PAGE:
There are two ditties that are forever attached to the Darjeeling Heritage Railway (DHR). One is the popular song from the 1969 Hindi film Aradhana, 'Mere sapnon ki rani', which had Sharmila Tagore travelling on the train, being serenaded by Rajesh Khanna who was chasing said train.
The other is less known - a nursery rhyme which children in Darjeeling grew up listening to - an ode of sorts to DHR: “Darjeeling ko sano rail, hirna lai abo tyari cha / Guard le shuna bhai siti bajayo” (Darjeeling’s dainty train is all set to chug off / Oh, listen to the guard blowing the whistle).
If there ever is a rollercoaster equivalent of a train, it would probably be the DHR which connects New Jalpaiguri with Darjeeling. The train is a thrilling ride with loops, turns and zigzags along its tracks to help gain its monumental height above sea level more easily. The line follows Hill Cart Road, which is part of National Highway 110.
One of the oldest rail routes in India, the Siliguri – Darjeeling railway in West Bengal started operation in 1881. The toy train runs 88 km between the destinations with the highest elevation of 2300m at Ghum station.
The railway found its place in the Unesco World Heritage site in the year 1999 for its unique infrastructure and the steam locomotives. Now it is clubbed under the Mountain Railways of India inscription of UNESCO World Heritage sites along with the Nilgiri Mountain Railway and Kalka Shimla Railway. In 2021, UNESCO had launched a stamp on Darjeeling Himalayan Railway.
There is a short steam loco ‘Joy Ride’ that takes passengers from Darjeeling to Ghum and back to Darjeeling, while taking you through the famous hairpin turn, the Batasia Loop and the Rail Museum at Ghum. It is also considered the world’s 22nd highest railway.
If you have some time, check out the display of DHR-related items at the musuem situated both in the upper storey of Ghum station building and in the area previously occupied by the goods and locomotive sheds. It is an ideal place to hang out at while waiting for the return journey. Museum admission is included in the 'Joy Train' fare or you can buy a separate admission ticket from the booking office.
One can witness breathtaking views from the train while experiencing the traditional chugging. Darjeeling being one of the prominent hill stations in the country is famous for its tea plantations and is visited by a huge number of tourists every year. Wandering across the tea plantations and the toy train ride would be perfect for a memorable vacation.
In 2017, the train service had scrapped the second class coaches in the daily service running between New Jalpaiguri (NJP) and Darjeeling. Now only trains with first class coaches were allowed on this route. As a result the fares have also gone up.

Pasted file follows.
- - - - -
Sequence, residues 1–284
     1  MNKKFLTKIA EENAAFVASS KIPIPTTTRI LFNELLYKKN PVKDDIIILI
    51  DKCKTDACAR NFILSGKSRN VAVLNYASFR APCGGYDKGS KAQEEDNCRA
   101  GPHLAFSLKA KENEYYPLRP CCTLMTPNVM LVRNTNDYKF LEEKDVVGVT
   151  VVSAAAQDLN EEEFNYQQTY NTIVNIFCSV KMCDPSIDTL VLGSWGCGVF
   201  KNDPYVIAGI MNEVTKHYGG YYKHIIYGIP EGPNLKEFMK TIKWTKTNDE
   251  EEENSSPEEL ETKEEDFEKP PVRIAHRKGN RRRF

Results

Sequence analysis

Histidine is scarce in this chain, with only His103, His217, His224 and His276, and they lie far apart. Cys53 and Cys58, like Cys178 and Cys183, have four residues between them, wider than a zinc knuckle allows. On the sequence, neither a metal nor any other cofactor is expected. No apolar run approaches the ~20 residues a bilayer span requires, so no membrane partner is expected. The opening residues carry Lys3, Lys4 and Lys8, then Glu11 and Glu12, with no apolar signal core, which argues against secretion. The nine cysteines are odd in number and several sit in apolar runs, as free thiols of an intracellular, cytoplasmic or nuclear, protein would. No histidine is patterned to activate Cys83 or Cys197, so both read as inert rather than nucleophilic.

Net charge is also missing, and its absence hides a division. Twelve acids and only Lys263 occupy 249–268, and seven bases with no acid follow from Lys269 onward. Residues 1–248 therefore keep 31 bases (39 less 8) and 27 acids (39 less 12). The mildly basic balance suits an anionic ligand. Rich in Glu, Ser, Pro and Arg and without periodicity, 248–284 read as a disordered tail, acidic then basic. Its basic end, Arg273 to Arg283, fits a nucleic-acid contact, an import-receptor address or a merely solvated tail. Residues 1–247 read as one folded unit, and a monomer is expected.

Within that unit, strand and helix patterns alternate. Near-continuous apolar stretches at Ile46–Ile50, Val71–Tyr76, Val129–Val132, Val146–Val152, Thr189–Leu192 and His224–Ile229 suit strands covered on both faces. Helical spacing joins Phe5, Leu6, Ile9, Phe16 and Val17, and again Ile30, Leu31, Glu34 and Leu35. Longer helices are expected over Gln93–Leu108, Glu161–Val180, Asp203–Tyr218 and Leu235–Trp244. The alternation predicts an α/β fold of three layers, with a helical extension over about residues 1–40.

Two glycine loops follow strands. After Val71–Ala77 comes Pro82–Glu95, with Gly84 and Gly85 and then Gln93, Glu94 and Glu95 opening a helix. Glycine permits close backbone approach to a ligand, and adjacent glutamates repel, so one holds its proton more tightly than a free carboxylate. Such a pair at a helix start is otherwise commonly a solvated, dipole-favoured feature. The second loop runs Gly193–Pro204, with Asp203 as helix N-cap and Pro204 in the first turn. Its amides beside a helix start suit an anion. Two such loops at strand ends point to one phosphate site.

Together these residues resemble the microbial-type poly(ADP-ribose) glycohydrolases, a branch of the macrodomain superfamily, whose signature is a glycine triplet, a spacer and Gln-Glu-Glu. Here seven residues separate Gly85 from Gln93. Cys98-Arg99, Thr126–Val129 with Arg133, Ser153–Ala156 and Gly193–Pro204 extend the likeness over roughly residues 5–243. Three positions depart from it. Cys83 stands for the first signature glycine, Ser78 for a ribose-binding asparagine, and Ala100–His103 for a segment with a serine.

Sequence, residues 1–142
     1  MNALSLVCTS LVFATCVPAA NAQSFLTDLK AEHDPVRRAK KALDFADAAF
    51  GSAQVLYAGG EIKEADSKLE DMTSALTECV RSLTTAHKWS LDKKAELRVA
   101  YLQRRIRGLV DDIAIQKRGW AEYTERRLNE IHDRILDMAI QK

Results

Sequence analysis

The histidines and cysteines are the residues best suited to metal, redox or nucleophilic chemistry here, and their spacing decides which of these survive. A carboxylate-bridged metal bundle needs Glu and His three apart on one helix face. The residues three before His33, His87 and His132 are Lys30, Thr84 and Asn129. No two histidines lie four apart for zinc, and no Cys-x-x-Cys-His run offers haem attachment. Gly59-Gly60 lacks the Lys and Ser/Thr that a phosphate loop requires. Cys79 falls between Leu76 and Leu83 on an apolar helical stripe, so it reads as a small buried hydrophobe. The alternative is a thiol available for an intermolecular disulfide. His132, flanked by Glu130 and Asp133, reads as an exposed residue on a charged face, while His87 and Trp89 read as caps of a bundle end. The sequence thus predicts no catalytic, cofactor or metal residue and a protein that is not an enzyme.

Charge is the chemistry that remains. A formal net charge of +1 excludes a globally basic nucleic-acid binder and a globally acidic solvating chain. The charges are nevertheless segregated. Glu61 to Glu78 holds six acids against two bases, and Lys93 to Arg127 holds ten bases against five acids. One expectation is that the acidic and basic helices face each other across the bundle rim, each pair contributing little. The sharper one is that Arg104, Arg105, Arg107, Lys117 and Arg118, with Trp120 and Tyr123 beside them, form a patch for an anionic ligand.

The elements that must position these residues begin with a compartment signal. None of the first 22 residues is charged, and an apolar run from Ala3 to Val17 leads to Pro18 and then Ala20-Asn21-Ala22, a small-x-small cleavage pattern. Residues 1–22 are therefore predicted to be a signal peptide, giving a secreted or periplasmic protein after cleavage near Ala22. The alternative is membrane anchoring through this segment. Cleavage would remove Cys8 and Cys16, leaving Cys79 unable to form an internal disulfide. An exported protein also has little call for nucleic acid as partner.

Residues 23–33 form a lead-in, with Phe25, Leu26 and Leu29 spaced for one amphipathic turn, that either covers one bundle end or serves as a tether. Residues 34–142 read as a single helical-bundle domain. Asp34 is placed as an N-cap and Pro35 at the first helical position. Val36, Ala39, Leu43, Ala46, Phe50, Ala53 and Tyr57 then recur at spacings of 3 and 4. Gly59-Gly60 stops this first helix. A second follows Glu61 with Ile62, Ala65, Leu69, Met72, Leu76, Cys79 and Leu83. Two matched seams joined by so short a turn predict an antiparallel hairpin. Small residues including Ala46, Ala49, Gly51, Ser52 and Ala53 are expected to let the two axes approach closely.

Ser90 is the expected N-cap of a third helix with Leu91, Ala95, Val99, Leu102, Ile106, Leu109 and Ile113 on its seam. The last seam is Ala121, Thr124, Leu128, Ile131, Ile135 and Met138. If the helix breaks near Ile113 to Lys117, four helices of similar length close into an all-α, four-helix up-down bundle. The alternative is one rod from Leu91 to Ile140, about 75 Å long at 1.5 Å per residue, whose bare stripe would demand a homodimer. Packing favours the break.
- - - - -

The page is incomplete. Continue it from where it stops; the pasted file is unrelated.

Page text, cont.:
Since its inception, the DHR has ferried hundreds and thousands of passengers including well-known writers, artists, heads of state, kings and queens, and more. Mark Twain wrote after a trip on the DHR in 1896: "It was the most enjoyable day I have spent on Earth".
Here's an account by the Earl of Ronaldshay from 1923: "The discovery that here [Siliguri] the [main line] system ends and the two foot gauge of the Darjeeling Himalayan Railway begins, confirms what all these things hint at. [.....] One steps into a railway carriage which might easily be mistaken for a toy, and the whimsical idea seizes hold of one that one has accidentally stumbled into Lilliput. With a noisy fuss out of all proportion to its size the engine gives a jerk - and starts. [.....] No special mechanical device such as the rack is employed - unless, indeed, one can so describe the squat and stolid hill-man who is perched over the forward buffers of the engine and scatters sand on the rails when the wheels of the engine lose their grip of the metals and race, with the noise of a giant spring running down when the control has been removed. Sometimes we cross our own track after completing the circuit of a cone, at others we zig-zag backwards and forwards; but always we climb at a steady gradient."
All the steam locomotives in use on the railway were built by two of UK's steam locomotive manufacturere - Sharp, Stewart and Company, and later the North British Locomotive Company between. They built some 34 locomotives. However, only 12 were in use by 2005. And even less today. One of the locomotives was transferred to the Matheran Hill Railway for a 'joy train' ride. Another was taken out of India - the DHR 778. It was kept at the Hesston Steam Museum for many years, and was later restored and is now on a private railway - the Beeches Light Railway in Oxfordshire.